Recently, a few of my new colleagues asked me to help them modernize their laboratory operations and expand their scientific communication. I am no technology guru, but over the years I have started using several different tools that have helped me during the setup of my new lab. I’ll list some of these tools and applications below with links. Those of you who are directed here from twitter will surely know that nothing here is very new or very revolutionary so please do comment with your own suggestions and information. Hopefully the comments will be just as useful to people as the post.

Website: I feel it is a must to have some web presence that you control to highlight what you want others to know about yourself and your science. I use WordPress. My site is hosted by Dreamhost but you can just as easily use their currently recommended host, Bluehost, for quick and easy installation.

Twitter: I depend on Twitter to network with other scientists outside of my home institution. I also use it to stay up to date on science and issues affecting scientists. For newbies, it might be tempting to make your feed private. I think this sort of defeats the purpose. If you’re hesitant, sign up for a public account and be a fly on the wall for a while before tweeting anything of your own. That’s what many people do when they start anyway.

Slack: I didn’t use Slack until I started my own lab. It’s essentially a instant messaging service that you can set up for your team. It allows you to have private conversations with individuals but also make “channels” that are dedicated for certain types of information. Channels can be for different projects, different teams of people or really any purpose you want. Importantly, you can drag and drop files right into the message field to share documents, spreadsheets, images, journal articles etc. You can also easily search by keyword or hashtag making it really simple to go back and search for something communicated in an earlier conversation. This has become very important for me to stay in touch and answer questions for my young lab when I can’t be physically present. It’s a lot more immediate than email…if that’s what you’re looking for.

Quartzy: My experience with Quartzy prior to starting my lab was essentially just taking advantage of the free business cards they would print off for all ASCB (American Society for Cell Biology) poster presenters. Once I started my lab, I started using Quartzy to manage my lab inventory (which, granted, is much easier when you’re just starting out, though they will transfer/upload your existing inventory list into their format for you) and, most importantly, as an actual vendor to get lower prices and save on shipping costs. They have a system called effortless quotes. You enter in what you want to order, which will likely be the discounted price you have negotiated with vendors or that your institution has negotiated with vendors. They will then let you know if they can get you an exact match for that product at a lower price than the lowest price you were able to find. In addition to that, if you accept their lower offer, you will get your item with free shipping. Sound too good to be true? It does to me too and I’m waiting for the other shoe to drop. In the mean time, we have saved hundreds of dollars in just a few months.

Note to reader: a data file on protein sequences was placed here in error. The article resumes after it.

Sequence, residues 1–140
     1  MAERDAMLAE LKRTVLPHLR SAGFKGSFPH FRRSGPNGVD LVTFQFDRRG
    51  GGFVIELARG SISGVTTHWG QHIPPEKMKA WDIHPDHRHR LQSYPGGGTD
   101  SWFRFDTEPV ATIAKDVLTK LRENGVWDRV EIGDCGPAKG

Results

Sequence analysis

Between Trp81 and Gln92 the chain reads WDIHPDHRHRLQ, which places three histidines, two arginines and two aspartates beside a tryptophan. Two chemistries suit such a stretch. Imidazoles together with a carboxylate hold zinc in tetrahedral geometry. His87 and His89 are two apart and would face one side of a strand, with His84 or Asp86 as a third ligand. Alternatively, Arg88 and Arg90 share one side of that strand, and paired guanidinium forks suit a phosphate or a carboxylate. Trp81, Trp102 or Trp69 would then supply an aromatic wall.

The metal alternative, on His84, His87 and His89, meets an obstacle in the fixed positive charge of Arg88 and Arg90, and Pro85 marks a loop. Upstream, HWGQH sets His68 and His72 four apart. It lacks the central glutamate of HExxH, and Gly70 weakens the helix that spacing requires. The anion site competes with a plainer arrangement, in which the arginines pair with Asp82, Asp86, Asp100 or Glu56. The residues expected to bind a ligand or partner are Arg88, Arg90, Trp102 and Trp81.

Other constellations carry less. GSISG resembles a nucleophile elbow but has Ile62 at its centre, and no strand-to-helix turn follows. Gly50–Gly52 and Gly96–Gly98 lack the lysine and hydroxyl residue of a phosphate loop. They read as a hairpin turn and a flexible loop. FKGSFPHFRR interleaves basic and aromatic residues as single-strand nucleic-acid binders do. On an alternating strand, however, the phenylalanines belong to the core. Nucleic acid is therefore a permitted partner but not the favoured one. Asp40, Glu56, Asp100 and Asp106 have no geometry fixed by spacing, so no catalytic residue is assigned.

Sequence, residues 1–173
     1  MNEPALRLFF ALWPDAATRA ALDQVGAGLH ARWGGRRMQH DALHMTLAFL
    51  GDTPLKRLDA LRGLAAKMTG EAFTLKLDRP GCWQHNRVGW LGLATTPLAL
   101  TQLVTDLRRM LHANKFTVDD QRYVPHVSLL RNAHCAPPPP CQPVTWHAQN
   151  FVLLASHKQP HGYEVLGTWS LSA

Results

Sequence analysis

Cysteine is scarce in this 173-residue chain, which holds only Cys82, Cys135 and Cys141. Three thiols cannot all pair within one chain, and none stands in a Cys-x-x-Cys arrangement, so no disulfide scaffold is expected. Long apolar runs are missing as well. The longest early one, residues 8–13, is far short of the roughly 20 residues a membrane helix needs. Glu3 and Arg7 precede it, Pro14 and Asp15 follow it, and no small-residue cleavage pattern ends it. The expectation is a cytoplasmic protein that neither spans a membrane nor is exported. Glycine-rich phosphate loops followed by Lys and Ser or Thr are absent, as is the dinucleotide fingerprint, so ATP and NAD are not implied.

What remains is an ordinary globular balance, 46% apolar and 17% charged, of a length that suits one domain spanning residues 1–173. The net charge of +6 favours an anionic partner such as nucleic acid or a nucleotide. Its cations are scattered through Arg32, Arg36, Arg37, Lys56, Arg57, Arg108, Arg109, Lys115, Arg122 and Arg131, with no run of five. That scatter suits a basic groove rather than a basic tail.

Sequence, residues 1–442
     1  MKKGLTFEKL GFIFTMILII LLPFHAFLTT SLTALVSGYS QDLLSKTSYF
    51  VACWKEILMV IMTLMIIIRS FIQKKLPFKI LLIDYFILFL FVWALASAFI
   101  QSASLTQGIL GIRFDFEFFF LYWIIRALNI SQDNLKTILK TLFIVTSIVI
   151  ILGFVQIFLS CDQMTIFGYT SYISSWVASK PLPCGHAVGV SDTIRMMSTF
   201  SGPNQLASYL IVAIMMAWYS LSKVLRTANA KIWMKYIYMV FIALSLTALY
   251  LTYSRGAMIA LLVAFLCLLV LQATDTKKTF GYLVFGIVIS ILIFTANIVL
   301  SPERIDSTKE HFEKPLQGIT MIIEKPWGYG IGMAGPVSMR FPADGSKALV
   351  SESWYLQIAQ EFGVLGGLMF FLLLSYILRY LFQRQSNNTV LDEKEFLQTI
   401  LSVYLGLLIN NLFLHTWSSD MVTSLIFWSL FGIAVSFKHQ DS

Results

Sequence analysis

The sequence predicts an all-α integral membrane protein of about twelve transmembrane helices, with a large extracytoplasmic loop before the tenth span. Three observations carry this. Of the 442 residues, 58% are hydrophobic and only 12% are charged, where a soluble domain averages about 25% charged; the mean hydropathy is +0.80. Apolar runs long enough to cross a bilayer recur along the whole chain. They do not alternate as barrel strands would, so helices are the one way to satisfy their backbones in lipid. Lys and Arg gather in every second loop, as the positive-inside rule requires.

Version Control: If you’re working on any document like a paper or a grant and you’d be screwed if you lost even one day’s work due to a file save error or Dropbox hiccup, you need version control software. I’m using Git and a GUI client, Sourcetree. I am using a Mac but I did use version control software on a PC back when I was writing my doctoral dissertation. Back then I used Subversion and the TortoiseSVN client. Hat tip to my sister, who helped me get started with Git and Sourcetree.

Evernote: I’ve used Evernote for many years in my personal life as my external memory bank to remember just about everything including cooking recipes, Twitter links to read later, journal articles and shopping lists. I’m now using the premium version as an electronic laboratory notebook (ELN) for all lab members. It’s working well for us and, so far, is as good or better than most of the other ELNs I’ve used in the past.

Google Calendar: I’m sure everyone already uses this, but I’m not sure how I’d survive or my lab would ever know what was going on scheduling-wise if we didn’t have a lab Google Calendar to mark lab/individual meetings, departmental seminars, equipment signup, absences etc.

Typesetting: I’ve never used Tex (pronounced tech) for typesetting preprints for Biorxiv, but I’ve used Lyx, a nearly WYSIWYG (what you see is what you get) GUI for Tex, to typeset CVs and other documents.

I’m sure I’ve forgotten some things and would love to know about everyone else’s favorite tools.


Categories: Pro-tips